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Nunavut(no͞o`nəvo͞ot') [Inuktituk,=our land], territory (2001 pop. 26,745), 772,260 sq mi (2,000,671 sq km), NE Canada. The capital and largest town is IqaluitIqaluit
, town (1996 pop. 4,220), Nunavut Territory, Canada, at the NE head of Frobisher Bay on S Baffin Island. Capital of Nunavut since the territory's creation in 1999, it is a communications and transportation center for the eastern Arctic.
..... Click the link for more information. on Baffin Island at Frobisher Bay.
Formed from what was the E Northwest TerritoriesNorthwest Territories,
territory (2001 pop. 37,360), 532,643 sq mi (1,379,028 sq km), NW Canada. The Northwest Territories lie W of Nunavut, N of lat. 60°N, and E of Yukon.
..... Click the link for more information. (the former Baffin, Keewatin, and Kitikmeot regions), Nunavut has a western boundary wtih the Northwest Territories that runs north from the Manitoba-Saskatchewan border (at 60°N) to the Thelon River, west to just above Great Bear Lake, north to the Arctic Ocean, east into Victoria Island, and finally north, bisecting Victoria and Melville islands. Spanning three time zones and including one fifth of Canada's total land area, it is bounded on the east by Baffin Bay, the Davis Strait, and Quebec's Ungava Peninsula and on the south by Manitoba. Nunavut encompassess most of Canada's Arctic islands, including Ellesmere, Baffin, Devon, Prince of Wales, Southampton, and Coats, as well as the islands in Hudson and James bays. The establishment of Nunavut created a Canadian "Four Corners" where SW Nunavut, SE Northwest Territories, NE Saskatchewan, and NW Manitoba meet.
Geographically, the territory is largely on the Canadian ShieldCanadian Shield
or Laurentian Plateau
, U-shaped region of ancient rock, the nucleus of North America, stretching N from the Great Lakes to the Arctic Ocean. Covering more than half of Canada, it also includes most of Greenland and extends into the United States as the
..... Click the link for more information. and almost entirely north of the tree line (except near the Manitoba border); the landscape is dominated by tundratundra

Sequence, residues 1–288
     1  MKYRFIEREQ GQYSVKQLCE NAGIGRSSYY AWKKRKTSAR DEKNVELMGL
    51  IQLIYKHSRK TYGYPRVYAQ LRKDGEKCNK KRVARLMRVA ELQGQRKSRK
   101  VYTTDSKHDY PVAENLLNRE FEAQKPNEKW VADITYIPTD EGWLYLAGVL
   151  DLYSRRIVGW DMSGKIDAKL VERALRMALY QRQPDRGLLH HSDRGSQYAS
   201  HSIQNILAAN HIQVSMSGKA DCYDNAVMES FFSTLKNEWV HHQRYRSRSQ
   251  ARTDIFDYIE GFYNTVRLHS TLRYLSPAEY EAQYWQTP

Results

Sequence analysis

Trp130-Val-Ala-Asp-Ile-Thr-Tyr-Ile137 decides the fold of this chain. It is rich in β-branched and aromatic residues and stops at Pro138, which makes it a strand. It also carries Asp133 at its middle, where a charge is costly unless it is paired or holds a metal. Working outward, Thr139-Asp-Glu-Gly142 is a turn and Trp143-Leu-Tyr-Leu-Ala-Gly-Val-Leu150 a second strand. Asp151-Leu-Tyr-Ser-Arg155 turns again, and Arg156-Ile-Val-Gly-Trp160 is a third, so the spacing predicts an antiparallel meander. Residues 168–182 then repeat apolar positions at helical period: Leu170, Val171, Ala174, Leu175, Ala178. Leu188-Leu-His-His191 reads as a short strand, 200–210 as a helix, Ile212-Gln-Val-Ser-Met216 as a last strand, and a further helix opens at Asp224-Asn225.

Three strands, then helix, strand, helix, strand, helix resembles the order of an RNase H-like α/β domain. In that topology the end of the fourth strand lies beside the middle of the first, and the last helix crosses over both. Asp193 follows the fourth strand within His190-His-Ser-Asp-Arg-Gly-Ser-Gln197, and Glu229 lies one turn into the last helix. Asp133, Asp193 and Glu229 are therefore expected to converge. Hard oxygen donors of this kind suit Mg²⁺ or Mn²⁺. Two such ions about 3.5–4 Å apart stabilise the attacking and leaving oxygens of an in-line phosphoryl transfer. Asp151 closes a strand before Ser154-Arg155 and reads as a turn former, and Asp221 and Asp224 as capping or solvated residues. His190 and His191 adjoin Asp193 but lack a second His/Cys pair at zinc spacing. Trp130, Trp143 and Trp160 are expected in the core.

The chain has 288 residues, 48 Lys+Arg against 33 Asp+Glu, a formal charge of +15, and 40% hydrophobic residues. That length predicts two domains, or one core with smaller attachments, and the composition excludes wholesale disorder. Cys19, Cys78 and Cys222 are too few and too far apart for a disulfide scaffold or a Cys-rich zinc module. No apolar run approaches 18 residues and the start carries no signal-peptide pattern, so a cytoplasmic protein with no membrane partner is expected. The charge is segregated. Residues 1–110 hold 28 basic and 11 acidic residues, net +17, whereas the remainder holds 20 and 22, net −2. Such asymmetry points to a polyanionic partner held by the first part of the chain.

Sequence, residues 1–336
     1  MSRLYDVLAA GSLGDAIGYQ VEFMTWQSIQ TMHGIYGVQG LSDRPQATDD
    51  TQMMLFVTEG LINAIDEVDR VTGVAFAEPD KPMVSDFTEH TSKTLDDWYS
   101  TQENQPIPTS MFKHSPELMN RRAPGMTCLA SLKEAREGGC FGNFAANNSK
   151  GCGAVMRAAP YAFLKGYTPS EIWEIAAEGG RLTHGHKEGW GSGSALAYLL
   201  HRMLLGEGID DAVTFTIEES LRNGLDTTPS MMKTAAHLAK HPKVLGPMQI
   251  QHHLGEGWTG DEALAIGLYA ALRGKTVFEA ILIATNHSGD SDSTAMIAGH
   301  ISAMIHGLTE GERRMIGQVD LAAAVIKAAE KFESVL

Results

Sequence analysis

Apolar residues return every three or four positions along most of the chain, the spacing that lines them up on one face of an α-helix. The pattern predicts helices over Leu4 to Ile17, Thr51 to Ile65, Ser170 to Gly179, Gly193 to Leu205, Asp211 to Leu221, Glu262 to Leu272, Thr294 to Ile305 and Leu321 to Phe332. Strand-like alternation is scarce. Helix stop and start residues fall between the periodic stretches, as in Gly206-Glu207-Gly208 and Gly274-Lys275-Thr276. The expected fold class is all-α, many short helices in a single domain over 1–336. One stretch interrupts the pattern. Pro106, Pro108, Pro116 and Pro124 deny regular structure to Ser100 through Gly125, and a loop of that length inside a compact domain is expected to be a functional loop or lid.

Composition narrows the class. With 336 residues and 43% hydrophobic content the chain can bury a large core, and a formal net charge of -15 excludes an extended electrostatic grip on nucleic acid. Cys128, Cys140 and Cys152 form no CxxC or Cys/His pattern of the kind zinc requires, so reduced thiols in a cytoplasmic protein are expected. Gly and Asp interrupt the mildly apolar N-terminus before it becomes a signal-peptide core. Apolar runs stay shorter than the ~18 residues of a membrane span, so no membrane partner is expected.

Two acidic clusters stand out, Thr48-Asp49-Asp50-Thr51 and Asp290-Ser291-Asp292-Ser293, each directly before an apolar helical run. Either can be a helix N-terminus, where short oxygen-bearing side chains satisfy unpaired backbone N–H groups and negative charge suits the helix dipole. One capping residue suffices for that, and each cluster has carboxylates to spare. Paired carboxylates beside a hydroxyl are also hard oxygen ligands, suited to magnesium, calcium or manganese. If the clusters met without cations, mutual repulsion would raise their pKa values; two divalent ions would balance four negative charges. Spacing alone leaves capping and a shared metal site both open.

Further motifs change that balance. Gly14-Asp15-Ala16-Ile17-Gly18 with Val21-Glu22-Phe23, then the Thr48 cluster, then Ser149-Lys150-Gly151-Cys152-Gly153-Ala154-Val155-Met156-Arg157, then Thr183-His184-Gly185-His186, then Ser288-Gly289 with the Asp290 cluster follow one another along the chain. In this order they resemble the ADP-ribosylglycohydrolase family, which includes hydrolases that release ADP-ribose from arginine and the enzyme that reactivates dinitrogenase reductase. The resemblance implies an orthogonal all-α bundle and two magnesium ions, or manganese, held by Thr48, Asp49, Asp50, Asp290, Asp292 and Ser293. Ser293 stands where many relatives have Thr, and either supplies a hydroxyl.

, treeless plains of N North America and N Eurasia, lying principally along the Arctic Circle, on the coasts and islands of the Arctic Ocean, and to the north of the coniferous forest belt.
..... Click the link for more information. , rock, and snow and ice. The territory is effectively controlled by the Inuit, who make up 85% of the population and speak Inuktitut as their first language, although control could change with population growth.
Most of the richest and most well-developed parts of the Northwest Territories, which lie along the Mackenzie River, were not included in Nunavut, which must rely on the development of its mineral resources, such as diamonds (which are now being mined), in addition to hunting, fishing, fur trapping, sealing, and the production of arts and crafts. The Inuit hold outright title to about 20% of Nunavut, including 13,896 sq mi (36,000 sq km) of subsurface mineral rights. The territory faces problems including high unemployment, substance abuse, and suicide rates, and some 90% of its budget currently comes from the Canadian government. There are no paved roads, and long-distance travel is largely by air. There is a small tourist trade, lured by the wildlife and vast, spare wilderness, as well as Inuit cultural attractions.
The separation of Nunavut from the Northwest Territories began with a 1992 territorial referendum in which the electorate approved the move as part of the largest native land-claim settlement in Canadian history. The process concluded with the establishment of the new territory on Apr. 1, 1999. Nunavut has an elected 22-member assembly. Members of the assembly are elected on a nonpartisan basis. Paul Okalik was elected by the assembly as Nunavut's first premier; he was reelected in 2004, but lost to Eva Aariak in 2008. Peter Taptuna became premier after the 2013 elections; Paul Quassa succeeded him in 2017. The territory sends one senator and one representative to the national parliament.
See R. G. Condon, Inuit Behavior and Seasonal Change in the Canadian Arctic (1983).